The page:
The AV Industry Needs to Open Up

av-openup-1115By Alan Vezina

There has been some discussion on recently about AV programmers, in particular the lack of AV programmers. It started with the AV Power Up! episode Hey, Get With the Program!, then continued with Hope Roth’s follow up article Where Have All the AV Programmers Gone? In both the podcast and Hope’s article, many points are brought up to try to explain why there is a shortage of AV programmers, and I largely agree with them. There is one problem they didn’t talk about: The AV industry is hostile to newcomers.

In order to fully explain my point let me tell you a little bit about myself. I’ve been programming since high school, went to college for computer science, and have been gainfully employed as a software engineer most of my adult life. I love building software, I write software for a living, and I write software for fun. When I’m not writing software, I’m reading about it or co-organizing a Python meet-up with over 1,300 members. I enjoy software and programming because it allows me to build things.

I am not unique, there are a lot of people like me, and that number is growing. More and more people are graduating college with computer science or software engineering degrees. There’s also a ton of people quitting their jobs so they can change career paths and attend a code school. This influx of new programmers should mean that there is growth in the AV programming world, but that’s seemingly not happening, or at least not at the same rate as other industries.

This shortage exists because the barrier to entry is too damn high. First, in order to be an AV programmer, you’ll need to purchase control hardware, which is not cheap. Second, you’ll need to get certified in order to get access to the tools needed to program your hardware. Third, even after you’re certified, you’re given a limited set of sub-par tools to work with. That’s a lot of hoops to jump through just to get started.

Let’s start with hardware, one of the biggest barriers to entry. Control hardware is not cheap, and not just anyone can buy it. Hope’s suggestion on the podcast was to set a bunch of eBay alerts so you can buy second hand hardware, which is the only way to get hardware without being a dealer, or breaking the bank. Contrast this to being a web developer, or data scientist: all I need is a computer to run my code. Any computer will do, even if you don’t own it.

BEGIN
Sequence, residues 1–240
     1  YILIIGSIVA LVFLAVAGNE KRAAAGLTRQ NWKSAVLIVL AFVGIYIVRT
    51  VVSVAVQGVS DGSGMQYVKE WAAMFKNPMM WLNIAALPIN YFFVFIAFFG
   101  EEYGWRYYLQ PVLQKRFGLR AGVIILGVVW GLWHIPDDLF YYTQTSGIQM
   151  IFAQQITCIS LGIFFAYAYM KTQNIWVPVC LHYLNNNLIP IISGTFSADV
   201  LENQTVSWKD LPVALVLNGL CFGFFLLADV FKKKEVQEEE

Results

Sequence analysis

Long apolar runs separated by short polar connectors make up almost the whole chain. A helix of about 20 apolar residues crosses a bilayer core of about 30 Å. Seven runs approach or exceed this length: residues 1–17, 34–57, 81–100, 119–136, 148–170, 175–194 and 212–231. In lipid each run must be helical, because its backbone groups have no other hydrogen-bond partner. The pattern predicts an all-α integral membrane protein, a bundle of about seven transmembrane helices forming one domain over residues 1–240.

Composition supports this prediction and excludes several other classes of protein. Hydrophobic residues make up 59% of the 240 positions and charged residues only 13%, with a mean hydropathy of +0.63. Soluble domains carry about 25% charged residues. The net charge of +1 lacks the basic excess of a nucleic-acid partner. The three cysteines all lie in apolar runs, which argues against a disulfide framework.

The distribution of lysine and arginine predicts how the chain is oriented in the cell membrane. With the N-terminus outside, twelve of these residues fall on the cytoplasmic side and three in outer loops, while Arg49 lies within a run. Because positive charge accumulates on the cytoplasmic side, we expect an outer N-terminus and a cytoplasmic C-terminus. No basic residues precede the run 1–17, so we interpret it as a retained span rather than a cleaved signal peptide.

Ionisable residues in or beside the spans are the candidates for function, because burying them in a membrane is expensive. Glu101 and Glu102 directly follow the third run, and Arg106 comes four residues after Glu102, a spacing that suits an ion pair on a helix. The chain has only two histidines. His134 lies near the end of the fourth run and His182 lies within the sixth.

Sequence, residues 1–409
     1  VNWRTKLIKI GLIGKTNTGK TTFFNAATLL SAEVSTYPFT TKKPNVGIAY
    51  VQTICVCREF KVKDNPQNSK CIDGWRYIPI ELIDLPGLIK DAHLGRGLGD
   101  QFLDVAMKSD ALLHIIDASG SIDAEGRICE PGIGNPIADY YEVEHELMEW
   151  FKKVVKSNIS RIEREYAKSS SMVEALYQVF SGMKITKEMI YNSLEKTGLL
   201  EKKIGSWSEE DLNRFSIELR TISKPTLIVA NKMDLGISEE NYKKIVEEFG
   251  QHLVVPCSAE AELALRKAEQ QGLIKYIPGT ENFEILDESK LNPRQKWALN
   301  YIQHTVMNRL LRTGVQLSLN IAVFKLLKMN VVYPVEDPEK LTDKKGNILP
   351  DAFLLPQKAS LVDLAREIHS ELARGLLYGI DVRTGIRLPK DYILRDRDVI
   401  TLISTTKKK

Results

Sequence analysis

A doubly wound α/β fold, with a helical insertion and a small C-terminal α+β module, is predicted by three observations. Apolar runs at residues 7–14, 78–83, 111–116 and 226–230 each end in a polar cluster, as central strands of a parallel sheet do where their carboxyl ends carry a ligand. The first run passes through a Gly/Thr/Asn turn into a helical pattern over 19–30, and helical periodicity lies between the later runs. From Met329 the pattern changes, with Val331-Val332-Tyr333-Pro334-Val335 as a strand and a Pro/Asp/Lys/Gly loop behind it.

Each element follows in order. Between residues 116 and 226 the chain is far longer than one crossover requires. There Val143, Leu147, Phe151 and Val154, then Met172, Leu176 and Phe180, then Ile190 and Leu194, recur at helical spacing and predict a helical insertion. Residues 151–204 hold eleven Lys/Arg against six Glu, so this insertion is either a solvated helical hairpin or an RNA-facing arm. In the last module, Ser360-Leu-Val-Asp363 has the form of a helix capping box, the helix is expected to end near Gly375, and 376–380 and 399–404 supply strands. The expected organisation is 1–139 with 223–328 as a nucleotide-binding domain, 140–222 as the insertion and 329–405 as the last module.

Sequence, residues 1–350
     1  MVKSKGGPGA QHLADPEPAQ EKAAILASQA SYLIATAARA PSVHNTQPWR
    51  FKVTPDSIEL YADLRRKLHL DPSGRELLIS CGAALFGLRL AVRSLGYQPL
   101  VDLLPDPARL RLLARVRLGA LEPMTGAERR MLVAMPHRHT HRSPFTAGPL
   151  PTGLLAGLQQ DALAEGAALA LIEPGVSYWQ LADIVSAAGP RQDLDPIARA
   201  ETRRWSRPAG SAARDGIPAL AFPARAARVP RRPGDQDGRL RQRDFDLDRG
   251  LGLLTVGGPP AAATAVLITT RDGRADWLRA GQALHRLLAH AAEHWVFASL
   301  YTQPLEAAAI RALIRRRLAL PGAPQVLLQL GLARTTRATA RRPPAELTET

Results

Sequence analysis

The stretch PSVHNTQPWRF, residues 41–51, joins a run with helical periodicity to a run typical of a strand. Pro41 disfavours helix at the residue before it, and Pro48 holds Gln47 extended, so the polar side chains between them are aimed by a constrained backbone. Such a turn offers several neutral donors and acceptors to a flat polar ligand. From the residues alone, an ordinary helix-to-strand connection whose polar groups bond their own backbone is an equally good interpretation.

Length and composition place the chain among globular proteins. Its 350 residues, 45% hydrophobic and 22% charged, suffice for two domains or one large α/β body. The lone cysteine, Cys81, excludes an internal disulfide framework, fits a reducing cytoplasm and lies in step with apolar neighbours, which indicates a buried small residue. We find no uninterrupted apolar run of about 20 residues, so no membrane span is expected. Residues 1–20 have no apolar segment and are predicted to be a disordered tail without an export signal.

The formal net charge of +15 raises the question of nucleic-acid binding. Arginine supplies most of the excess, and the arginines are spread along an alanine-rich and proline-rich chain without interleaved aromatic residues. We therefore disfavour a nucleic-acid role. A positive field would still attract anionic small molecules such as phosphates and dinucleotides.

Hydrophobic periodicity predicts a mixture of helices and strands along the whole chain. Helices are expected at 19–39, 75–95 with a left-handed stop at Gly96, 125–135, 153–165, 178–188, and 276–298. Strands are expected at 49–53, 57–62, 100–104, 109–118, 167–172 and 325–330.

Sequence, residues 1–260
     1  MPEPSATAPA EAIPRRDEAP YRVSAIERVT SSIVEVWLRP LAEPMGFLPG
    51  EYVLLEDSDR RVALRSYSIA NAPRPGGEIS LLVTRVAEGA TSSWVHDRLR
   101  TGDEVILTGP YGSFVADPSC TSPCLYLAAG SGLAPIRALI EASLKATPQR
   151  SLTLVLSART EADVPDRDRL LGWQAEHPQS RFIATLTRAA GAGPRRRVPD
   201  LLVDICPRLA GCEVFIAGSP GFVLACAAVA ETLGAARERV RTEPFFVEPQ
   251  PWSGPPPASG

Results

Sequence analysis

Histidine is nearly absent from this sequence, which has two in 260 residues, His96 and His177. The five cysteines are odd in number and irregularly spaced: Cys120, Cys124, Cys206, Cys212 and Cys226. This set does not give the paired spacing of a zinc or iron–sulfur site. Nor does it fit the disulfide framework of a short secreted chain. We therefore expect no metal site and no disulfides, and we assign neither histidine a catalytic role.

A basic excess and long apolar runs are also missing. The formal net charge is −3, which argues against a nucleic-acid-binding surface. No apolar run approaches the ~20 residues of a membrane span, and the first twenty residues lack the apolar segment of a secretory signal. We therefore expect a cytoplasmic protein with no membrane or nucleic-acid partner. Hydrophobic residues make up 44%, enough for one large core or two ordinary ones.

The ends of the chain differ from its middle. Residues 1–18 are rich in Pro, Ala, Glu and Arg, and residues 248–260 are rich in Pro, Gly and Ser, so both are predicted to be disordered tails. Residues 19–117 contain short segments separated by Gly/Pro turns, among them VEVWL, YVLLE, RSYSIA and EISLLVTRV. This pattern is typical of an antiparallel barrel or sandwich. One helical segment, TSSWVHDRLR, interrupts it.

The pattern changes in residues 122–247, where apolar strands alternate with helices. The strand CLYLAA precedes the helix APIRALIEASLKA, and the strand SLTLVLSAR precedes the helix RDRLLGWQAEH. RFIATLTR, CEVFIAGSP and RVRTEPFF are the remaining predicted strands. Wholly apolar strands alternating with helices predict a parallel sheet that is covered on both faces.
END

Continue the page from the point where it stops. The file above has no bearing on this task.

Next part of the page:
Certifications are another big barrier to entry. Even if you manage to get your hands on hardware, there is no way to get access to the developer tools without the appropriate certification. Without access to the appropriate tools, your fancy hardware might as well be a bunch of bricks.

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In college, I learned C, C++, Java and X-Lisp, and after I graduated I learned Perl, Python and JavaScript in my free time. Due to certification requirements, I can’t just learn the industry languages, such as Crestron’s SIMPL+ or AMX’s NetLinx, in my free time. Certifications aren’t just a roadblock for entry level programmers. One of my old coworkers writes rocket telemetry code for Blue Origin. The code he writes is used to send rockets to space, but he’s not allowed to program Crestron or AMX systems because he’s not certified. That’s ridiculous.

Certifications are a burden for businesses as well. Certifications increase the cost and risk of entry level programmers. Netflix, Facebook, Google and Microsoft all hire out of college without having to send anyone to certification courses; instead, they put their entry level employees to work right away. In the AV world, you have to spend the time to get entry level programmers certified. What if that employee doesn’t work out? If a business has experienced AV programmers on staff, they should be able to train entry level programmers without sending them to be certified. Entry level programmers will learn so much more from real world experience than they will from a certification course.

Certifications are not normal in the software industry. Certifications do exist, but they are almost never a requirement just to get access to tools or a job. Microsoft, Google and Uber are writing the software that runs the world, and they’re doing it without requiring their employees get certifications. What is so special about the AV industry that certifications are required?

If the AV industry wants to attract high quality talent, it needs to create an open and welcoming environment. There are two solutions that manufacturers can implement. First, certifications should be made optional. A developer should be able to create an account and immediately have access to all the tools and documentation necessary. Second, developers should be allowed to purchase or lease hardware under the developer program, similar to how Google Glass and the Occulus Rift were offered to developers first. If we want to create an AV industry the world respects, we need to support the developers who help build it.

Alan Vezina is a co-founder and CTO of Jydo, a browser-based audiovisual control company. Reach him on Twitter @fancysandwiches.